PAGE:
This structure is quite popular in small and mid-sized companies. In the assembly line structure, sales teams are divided based on the job description of each salesperson. It is so named because of the similarities between sales operations under this model with manufacturing assembly lines. Like a manufacturing assembly line, the strategy breaks down the sales process into individual tasks.

For example, the lead generation team is responsible for generating leads, finding information about each prospect and arranging the data in an easy to understand manner, while the sales development team is responsible for qualifying the leads that the lead generation team has gathered.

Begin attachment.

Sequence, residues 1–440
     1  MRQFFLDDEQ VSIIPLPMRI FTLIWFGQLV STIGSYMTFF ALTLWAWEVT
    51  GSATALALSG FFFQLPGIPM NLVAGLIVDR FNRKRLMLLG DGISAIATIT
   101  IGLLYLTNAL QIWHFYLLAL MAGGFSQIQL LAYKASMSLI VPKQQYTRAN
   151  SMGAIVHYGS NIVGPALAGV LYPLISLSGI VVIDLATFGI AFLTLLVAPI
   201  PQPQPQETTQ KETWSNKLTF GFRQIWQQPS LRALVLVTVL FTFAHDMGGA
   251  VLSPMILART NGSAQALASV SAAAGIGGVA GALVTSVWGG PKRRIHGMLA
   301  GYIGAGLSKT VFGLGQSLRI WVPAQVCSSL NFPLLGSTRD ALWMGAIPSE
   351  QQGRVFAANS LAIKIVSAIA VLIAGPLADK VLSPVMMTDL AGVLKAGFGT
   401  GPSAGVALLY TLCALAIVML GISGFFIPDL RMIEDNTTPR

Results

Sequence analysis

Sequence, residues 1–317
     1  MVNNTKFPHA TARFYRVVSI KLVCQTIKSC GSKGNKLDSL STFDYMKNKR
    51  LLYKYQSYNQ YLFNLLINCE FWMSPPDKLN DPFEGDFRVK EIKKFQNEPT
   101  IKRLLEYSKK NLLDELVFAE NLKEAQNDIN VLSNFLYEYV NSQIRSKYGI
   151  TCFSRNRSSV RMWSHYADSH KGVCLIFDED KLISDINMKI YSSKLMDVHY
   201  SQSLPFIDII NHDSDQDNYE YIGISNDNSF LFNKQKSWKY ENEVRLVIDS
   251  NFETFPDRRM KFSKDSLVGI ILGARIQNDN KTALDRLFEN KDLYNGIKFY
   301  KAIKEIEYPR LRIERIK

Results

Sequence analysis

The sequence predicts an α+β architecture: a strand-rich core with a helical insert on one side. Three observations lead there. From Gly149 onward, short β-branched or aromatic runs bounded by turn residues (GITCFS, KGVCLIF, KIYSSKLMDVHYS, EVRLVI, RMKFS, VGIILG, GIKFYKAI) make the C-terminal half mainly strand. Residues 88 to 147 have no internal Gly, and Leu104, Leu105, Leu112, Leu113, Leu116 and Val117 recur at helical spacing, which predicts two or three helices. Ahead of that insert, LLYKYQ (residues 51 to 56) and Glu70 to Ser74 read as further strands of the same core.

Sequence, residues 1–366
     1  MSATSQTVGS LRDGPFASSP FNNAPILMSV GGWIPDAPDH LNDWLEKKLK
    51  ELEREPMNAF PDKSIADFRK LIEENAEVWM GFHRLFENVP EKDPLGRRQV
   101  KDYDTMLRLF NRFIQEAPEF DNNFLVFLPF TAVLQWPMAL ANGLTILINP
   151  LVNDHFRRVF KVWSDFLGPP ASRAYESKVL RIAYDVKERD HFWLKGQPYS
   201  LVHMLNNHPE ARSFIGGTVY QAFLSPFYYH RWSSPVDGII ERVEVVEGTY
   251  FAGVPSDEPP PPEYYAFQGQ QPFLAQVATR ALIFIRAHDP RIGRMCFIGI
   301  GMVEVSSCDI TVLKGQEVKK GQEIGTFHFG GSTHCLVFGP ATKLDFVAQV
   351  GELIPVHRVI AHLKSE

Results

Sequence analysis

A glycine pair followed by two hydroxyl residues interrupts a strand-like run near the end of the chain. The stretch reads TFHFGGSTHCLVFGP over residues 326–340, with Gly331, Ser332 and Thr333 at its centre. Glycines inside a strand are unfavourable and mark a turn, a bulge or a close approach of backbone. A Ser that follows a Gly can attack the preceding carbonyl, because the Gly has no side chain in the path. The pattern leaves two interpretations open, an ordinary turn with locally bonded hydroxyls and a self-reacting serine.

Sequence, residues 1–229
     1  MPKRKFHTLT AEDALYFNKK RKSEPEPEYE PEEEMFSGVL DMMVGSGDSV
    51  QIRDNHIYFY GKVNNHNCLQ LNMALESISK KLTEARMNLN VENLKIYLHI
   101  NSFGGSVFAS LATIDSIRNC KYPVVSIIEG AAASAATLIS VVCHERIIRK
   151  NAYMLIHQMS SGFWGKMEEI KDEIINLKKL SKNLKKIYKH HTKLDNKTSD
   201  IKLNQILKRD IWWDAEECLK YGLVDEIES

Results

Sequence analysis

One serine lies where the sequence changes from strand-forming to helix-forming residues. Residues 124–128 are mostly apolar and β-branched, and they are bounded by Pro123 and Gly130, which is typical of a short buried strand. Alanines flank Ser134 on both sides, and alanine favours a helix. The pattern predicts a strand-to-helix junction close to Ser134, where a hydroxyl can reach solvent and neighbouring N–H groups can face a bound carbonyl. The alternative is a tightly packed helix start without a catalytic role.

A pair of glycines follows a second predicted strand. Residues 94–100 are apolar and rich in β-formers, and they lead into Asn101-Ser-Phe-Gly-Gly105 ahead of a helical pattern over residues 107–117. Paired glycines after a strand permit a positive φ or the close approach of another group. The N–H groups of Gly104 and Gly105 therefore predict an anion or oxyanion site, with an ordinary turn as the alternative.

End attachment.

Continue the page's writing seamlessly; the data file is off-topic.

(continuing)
Once qualified, they are passed to the account executive team, which is responsible for closing the sale and responding to concerns. Once the sale is closed, they are passed to the customer success team, which ensures that customers stay on board and find value in the product.

The benefits of this model are the following:

  • Specialisation leads to increased operational efficiency
  • Increases the reps’ expertise in specific sales activities
  • Quicker sales process

The limitations of this model are the following:

  • Increased risk of running into silos

  • The numerous handoffs may decrease the quality of customer experience

  • Costs may increase due to task specialisation

Island Sales Organisation Structure

In the island model, every seller is unspecialised and possesses knowledge of several different areas. Here, the same rep manages a single customer from prospecting to on boarding, i.e., the rep generates, qualifies, and even closes leads. This type of sales organisation offers reps greater autonomy to build and grow customer relationships.

The benefits of this model are the following:

  • It makes customer-seller relationships more streamlined